- Like a private bank, the Fed maintains some level of capital as a buffer against losses.
- When those losses exceed the value of its capital, the Fed becomes insolvent, meaning the liabilities it owes to others are greater than the total value of the assets it holds.
In the post-pandemic period, the Fed expanded the money supply significantly to support a swift economic recovery.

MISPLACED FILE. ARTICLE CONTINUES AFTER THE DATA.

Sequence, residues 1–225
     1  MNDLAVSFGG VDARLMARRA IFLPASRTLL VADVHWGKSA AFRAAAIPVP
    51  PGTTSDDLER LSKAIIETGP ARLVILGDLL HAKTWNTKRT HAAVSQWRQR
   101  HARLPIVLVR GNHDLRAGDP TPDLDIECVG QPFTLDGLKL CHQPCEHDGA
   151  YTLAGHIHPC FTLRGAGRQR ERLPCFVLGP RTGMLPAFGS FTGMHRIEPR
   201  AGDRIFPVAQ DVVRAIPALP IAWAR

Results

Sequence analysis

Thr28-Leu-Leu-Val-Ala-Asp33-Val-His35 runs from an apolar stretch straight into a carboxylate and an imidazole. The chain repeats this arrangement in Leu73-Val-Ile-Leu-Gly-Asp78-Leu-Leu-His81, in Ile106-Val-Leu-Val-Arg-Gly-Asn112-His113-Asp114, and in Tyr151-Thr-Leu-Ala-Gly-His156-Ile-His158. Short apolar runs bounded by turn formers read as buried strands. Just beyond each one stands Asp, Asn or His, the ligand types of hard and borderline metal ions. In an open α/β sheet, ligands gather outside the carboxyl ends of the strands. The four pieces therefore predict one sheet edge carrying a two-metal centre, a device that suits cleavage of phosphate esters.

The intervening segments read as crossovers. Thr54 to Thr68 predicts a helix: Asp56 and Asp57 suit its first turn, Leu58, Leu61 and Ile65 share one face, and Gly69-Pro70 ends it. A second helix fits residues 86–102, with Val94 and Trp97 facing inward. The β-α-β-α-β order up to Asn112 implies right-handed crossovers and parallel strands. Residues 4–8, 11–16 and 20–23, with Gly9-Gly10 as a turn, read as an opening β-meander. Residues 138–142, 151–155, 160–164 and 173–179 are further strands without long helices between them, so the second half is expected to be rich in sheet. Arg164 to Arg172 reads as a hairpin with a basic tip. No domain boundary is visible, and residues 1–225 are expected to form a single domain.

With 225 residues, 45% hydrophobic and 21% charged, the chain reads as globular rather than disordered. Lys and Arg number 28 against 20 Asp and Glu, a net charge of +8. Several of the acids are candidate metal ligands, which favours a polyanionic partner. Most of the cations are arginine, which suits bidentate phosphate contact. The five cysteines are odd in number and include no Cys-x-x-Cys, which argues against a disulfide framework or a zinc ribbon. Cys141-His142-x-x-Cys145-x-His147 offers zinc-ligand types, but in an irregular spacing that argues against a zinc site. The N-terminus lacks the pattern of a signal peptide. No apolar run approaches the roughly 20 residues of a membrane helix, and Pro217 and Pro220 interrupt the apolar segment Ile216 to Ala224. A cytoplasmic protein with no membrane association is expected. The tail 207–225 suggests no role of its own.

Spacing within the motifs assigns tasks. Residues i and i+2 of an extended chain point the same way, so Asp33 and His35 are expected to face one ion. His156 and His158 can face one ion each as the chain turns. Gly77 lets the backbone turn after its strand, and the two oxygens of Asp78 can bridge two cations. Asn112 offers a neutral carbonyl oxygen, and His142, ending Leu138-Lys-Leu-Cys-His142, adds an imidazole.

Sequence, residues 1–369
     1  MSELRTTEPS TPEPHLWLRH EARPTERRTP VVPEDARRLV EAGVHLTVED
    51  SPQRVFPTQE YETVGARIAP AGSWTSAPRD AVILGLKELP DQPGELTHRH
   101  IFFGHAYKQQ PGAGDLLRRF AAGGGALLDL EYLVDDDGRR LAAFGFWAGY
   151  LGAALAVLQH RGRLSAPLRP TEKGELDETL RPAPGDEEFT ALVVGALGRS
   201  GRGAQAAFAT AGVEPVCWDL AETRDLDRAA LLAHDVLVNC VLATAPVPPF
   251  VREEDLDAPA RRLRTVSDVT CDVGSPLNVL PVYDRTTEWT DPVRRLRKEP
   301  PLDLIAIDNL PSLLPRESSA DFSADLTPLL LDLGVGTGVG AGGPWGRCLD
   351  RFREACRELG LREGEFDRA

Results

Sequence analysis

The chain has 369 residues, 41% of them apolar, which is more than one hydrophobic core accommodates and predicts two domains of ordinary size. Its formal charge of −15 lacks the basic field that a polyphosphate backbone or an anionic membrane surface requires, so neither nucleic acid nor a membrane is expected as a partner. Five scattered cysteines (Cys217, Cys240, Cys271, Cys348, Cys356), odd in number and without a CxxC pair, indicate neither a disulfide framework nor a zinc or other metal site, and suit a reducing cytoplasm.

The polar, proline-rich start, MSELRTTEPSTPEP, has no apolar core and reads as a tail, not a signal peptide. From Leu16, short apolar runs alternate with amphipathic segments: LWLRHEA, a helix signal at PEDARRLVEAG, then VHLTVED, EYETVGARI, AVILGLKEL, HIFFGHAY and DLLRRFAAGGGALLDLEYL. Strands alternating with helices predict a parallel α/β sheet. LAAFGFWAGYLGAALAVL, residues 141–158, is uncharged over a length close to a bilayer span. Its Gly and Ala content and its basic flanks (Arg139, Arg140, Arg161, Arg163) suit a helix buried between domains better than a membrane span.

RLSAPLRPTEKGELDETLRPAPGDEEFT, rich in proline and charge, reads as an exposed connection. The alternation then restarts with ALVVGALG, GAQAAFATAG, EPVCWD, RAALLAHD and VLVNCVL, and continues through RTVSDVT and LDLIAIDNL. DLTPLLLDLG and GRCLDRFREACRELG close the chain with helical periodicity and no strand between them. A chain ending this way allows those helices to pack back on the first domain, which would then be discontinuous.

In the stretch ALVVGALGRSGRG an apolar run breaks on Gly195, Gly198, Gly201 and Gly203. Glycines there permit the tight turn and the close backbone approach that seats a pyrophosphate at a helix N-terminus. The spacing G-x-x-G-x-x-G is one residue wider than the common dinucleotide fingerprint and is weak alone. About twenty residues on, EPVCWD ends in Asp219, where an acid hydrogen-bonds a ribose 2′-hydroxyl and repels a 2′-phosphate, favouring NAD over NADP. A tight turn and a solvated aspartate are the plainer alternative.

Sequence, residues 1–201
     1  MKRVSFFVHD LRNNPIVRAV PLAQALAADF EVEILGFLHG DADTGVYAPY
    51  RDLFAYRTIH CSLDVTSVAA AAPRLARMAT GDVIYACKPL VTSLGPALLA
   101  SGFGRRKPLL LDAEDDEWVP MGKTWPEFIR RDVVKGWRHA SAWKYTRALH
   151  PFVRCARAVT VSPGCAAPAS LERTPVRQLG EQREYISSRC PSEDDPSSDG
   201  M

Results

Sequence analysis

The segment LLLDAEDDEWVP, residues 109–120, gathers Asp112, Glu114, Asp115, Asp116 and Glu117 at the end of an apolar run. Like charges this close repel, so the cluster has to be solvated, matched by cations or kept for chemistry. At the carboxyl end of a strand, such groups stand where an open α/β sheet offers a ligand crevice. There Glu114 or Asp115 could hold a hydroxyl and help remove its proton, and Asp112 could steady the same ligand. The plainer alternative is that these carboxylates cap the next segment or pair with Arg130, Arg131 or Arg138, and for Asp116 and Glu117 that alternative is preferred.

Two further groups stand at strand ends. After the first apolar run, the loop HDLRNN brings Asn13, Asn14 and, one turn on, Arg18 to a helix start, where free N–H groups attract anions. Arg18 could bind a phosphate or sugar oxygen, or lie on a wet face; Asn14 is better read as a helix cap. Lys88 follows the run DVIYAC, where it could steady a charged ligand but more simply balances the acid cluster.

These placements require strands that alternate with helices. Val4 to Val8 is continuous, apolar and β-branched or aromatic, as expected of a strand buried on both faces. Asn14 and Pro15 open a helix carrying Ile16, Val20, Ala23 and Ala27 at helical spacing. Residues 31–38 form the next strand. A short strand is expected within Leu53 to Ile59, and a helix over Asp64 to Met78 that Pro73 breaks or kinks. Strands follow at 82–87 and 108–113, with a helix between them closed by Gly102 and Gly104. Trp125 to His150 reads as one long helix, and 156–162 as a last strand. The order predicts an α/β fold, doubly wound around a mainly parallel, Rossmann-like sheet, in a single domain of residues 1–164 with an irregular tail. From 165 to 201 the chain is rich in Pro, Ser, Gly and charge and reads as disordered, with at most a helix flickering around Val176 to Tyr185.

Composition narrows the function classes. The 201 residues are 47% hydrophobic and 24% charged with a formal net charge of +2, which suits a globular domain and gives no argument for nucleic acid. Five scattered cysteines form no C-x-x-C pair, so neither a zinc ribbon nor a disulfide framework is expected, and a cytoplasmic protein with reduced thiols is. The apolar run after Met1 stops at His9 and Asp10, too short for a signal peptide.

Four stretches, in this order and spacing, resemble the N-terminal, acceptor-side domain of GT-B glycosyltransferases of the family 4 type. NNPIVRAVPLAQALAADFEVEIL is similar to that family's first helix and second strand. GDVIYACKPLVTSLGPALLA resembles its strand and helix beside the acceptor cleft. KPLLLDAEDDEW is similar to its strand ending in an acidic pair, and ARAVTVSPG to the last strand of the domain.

- It did so by purchasing vast amounts of US Treasury bonds and mortgage-backed securities.
- While those assets seemed like good investments at first, they are now a major hole in the Fed’s financial position.
Bottom line: The Fed is bankrupt.
- The most recent data show that the Fed owes the Treasury over $41 billion, which exceeds its total capital.
- By common standards, The Federal Reserve is insolvent.